Elderly residents of northern Japan have been especially hard hit by the twin disasters that struck Japan earlier this month. Many old people died in the tsunami and earthquake. Survivors are staying in temporary shelters and are having trouble getting adequate heat, food or medicine.
Steve Inskeep talks to Arthur Goldhammer of the Center for European Studies at Harvard University about French President Nicolas Sarkozy's role in calling for military action in Libya. They also discuss what that means for Sarkozy as he faces an election next year.
Census data released this week revealed that Detroit lost nearly 250,000 people in the past decade. That's roughly one person every 22 minutes, according to a local analysis of the numbers. Mayor Dave Bing says he will challenge the count. NPR's Alex Kellogg talks to Steve Inskeep about the figures.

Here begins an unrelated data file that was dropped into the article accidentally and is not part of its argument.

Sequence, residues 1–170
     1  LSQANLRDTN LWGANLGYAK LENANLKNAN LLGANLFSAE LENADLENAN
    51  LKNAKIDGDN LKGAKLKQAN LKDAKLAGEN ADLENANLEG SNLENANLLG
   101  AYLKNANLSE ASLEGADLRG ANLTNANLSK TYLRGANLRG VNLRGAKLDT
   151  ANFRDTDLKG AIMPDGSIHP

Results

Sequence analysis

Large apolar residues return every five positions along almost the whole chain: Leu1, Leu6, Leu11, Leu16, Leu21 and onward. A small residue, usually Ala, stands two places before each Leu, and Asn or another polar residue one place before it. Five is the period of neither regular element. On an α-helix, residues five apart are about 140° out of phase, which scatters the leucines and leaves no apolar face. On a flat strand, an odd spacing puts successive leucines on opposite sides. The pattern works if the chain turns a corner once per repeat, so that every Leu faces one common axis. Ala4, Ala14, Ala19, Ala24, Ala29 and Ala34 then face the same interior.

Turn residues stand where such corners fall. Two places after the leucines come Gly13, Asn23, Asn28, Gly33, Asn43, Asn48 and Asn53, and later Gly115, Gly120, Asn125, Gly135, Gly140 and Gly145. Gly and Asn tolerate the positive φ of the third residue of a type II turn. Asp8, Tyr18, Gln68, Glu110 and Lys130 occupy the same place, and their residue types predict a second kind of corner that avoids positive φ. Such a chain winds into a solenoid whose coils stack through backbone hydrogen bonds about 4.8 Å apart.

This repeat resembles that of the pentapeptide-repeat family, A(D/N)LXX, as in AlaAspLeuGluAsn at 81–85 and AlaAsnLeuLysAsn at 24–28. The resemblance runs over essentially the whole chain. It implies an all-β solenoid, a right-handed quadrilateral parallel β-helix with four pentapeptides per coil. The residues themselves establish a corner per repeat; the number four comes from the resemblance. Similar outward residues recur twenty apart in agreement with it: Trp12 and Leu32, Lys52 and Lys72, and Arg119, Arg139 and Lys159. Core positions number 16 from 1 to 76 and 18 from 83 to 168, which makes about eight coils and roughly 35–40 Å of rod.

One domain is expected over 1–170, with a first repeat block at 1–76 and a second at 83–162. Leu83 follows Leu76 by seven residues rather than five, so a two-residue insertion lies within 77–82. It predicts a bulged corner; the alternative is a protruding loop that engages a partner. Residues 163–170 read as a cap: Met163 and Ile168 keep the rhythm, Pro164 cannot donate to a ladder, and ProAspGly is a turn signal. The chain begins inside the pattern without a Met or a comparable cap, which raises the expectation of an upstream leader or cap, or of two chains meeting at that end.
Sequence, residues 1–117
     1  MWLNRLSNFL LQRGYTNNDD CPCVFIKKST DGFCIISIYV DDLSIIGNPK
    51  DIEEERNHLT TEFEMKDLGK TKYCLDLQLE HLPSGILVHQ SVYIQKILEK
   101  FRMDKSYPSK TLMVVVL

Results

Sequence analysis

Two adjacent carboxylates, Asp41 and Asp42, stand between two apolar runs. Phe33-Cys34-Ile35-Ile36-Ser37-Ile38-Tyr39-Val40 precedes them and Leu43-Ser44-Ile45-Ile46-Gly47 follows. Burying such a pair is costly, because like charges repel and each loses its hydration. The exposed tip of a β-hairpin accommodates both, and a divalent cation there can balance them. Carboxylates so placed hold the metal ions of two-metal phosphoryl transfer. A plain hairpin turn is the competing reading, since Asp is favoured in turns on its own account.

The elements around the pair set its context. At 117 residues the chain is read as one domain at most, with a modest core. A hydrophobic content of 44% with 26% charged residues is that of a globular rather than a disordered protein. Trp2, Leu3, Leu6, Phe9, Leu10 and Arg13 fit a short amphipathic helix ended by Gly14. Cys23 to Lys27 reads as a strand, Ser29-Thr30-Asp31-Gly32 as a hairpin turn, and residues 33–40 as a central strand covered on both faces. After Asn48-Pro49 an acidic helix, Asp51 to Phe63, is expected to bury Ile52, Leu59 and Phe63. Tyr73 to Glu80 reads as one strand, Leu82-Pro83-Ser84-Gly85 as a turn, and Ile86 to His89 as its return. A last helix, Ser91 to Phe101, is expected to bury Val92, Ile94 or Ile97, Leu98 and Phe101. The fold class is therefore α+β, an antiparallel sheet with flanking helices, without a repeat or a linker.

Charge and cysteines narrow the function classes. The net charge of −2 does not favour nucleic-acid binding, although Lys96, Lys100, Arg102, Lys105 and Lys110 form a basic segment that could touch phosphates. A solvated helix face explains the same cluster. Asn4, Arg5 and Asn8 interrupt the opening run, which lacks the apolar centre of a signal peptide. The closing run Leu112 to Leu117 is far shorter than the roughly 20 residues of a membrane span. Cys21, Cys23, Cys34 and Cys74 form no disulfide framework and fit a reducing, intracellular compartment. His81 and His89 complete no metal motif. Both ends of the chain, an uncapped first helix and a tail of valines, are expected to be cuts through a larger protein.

Japan's earthquake, tsunami and nuclear disaster have become one of the biggest tests ever for "just in time" manufacturing. That's the practice of having parts delivered just when they're needed instead of carrying large, costly inventories at assembly plants. Since the disasters, parts have been hard to come by.
Japan's ongoing nuclear crisis deepened in Tokyo on Wednesday, as health authorities warned that radiation in some tap water there exceeds safe levels for infants. Parents are being warned not to use tap water to prepare baby formula.
Authorities said the warning was prompted by readings of radioactive iodine in the city's drinking water. At 190 to 210 becquerels per liter, the water exceeded the 100-becquerel limit for infants. But water officials said readings were still below the 300-becquerel limit for adults.